The alternative reading frame (ARF) mRNA encodes two pro-death proteins, the nucleolar p19ARF and a shorter mitochondrial isoform, named smARF (hsmARF in human). While p19ARF can inhibit cell growth by causing cell cycle arrest or type I apoptotic cell death, smARF is able to induce type II autophagic cell death. Inappropriate proliferative signals generated by proto-oncogenes, such as c-Myc and E2F1, can elevate both p19ARF and smARF proteins. Here, we reveal a novel means of regulation of smARF protein steady state levels through its interactions with the mitochondrial p32. The p32 protein physically interacts with both human and murine smARF, and colocalizes with these short isoforms to the mitochondria. Remarkably, knocking down p32 protein levels significantly reduced the steady state levels of smARF by increasing its turn over. As a consequence, the ability of ectopically expressed smARF to induce autophagy and to cause mitochondrial membrane dissipation was significantly reduced. In contrast, the protein levels of full-length p19ARF, which mainly resides in the nucleolus, were not influenced by p32 depletion, suggesting that p32 exclusively stabilizes the mitochondrial smARF protein. Thus the interaction with p32 provides a means of specifically regulating the expression of the recently identified autophagic inducer, smARF, and adds yet another layer of complexity to the multifaceted regulation of the ARF gene.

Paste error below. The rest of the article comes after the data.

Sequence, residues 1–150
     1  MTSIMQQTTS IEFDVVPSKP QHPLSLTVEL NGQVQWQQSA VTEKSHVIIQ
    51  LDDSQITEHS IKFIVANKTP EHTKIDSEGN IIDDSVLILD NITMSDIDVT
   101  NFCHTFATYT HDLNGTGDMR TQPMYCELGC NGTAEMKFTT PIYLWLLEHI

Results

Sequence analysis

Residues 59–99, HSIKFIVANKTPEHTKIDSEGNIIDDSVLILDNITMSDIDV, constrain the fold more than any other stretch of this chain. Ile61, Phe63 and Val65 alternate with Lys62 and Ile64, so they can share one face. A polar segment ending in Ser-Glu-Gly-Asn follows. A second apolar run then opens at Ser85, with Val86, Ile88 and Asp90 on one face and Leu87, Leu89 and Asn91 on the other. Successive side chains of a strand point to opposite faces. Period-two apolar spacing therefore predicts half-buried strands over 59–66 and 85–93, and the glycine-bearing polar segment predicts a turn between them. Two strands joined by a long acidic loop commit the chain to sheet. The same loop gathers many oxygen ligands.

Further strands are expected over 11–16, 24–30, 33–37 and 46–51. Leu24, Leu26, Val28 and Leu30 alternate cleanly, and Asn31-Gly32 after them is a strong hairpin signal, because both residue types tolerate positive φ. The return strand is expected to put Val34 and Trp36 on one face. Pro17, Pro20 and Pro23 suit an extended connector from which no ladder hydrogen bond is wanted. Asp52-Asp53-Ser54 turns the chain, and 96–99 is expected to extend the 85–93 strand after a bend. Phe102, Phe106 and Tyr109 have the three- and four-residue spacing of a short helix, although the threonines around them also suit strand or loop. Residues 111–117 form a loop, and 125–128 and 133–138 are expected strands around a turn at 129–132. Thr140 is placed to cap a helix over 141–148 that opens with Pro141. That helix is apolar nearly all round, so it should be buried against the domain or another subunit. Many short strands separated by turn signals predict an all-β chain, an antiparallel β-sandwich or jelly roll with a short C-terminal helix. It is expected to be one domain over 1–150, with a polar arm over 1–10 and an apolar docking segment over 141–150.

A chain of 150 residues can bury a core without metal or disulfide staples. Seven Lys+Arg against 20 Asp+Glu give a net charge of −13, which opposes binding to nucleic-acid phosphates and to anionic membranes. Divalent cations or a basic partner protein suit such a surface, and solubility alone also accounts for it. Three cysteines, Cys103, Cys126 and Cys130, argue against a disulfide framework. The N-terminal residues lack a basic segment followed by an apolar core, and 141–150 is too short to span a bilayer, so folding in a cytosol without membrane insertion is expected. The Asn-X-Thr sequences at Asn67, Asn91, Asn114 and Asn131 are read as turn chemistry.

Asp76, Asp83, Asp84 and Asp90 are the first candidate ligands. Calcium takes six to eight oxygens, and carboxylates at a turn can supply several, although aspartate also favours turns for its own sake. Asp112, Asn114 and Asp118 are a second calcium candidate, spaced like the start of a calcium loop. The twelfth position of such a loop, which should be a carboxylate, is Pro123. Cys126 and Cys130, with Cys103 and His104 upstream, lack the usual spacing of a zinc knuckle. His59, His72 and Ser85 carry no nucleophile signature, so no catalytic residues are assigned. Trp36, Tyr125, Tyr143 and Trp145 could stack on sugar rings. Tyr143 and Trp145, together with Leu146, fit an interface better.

The mouse p19 alternative reading frame (ARF) tumor suppressor (p14ARF in human) is localized to the nucleolus, and can inhibit cell growth in a p53-dependent or -independent manner (Sherr, 2006). Recently, we found that ARF mRNA also encodes an additional shorter mitochondrial isoform, named smARF (hsmARF in human), that is translated from an internal methionine at position 45 and therefore lacks all the nucleolar functions of the full-length protein. smARF is a short-lived protein that is rapidly degraded by the proteasome, but accumulates after inappropriate proliferative signals generated by oncogenes. Overexpression of this isoform results in damage to the structure of the mitochondria, dissipation of the mitochondrial membrane potential and autophagic cell death (Reef et al., 2006). A search for novel p19ARF interacting proteins, based on immunopurification of ectopically expressed p19ARF from total cell lysates and identification of co-immunoprecipitated bands by mass spectrometry, yielded several candidate proteins. One of them was the p32 protein (Figure 1a). The p32 protein (named also gC1qR, SF2-associated binding protein) is a doughnut-shaped homotrimeric protein (Jiang et al., 1999), which localizes predominantly to the mitochondrial matrix (Muta et al., 1997; Dedio et al., 1998; Matthews and Russell, 1998; Seytter et al., 1998). p32 has been shown to bind many cellular (Ghebrehiwet et al., 1994; Simos and Georgatos, 1994; Yu et al., 1995a; Deb and Datta, 1996; Herwald et al., 1996; Lim et al., 1996) and viral proteins (Desai et al., 1991; Luo et al., 1994; Fridell et al., 1995; Yu et al., 1995b; Bruni and Roizman, 1996; Tange et al., 1996; Wang et al., 1997; Matthews and Russell, 1998). Despite abundant biochemical data, many aspects in p32s function are still unknown, although it has been suggested that it has a role in the maintenance of mitochondrial oxidative phosphorylation in yeast (Muta et al., 1997), and that it can regulate Hrk-mediated apoptosis in mammalian cells (Sunayama et al., 2004). We found that the human p14ARF was also capable to pull down the p32 protein (data not shown). Moreover, the interaction between ARF protein and p32 was direct, since 35S-labeled p32, produced by in vitro translation in rabbit reticulocyte lysate, was pulled-down by glutathione S-transferase (GST)-p14ARF, but not by GST alone, GST-Hdm2 or GST-p53 (Figure 1b). Thus, although the mouse and human ARF proteins share a relatively low degree of identity over the region of overlap (45%), the ability to bind p32 is conserved, implying the significance of this interaction.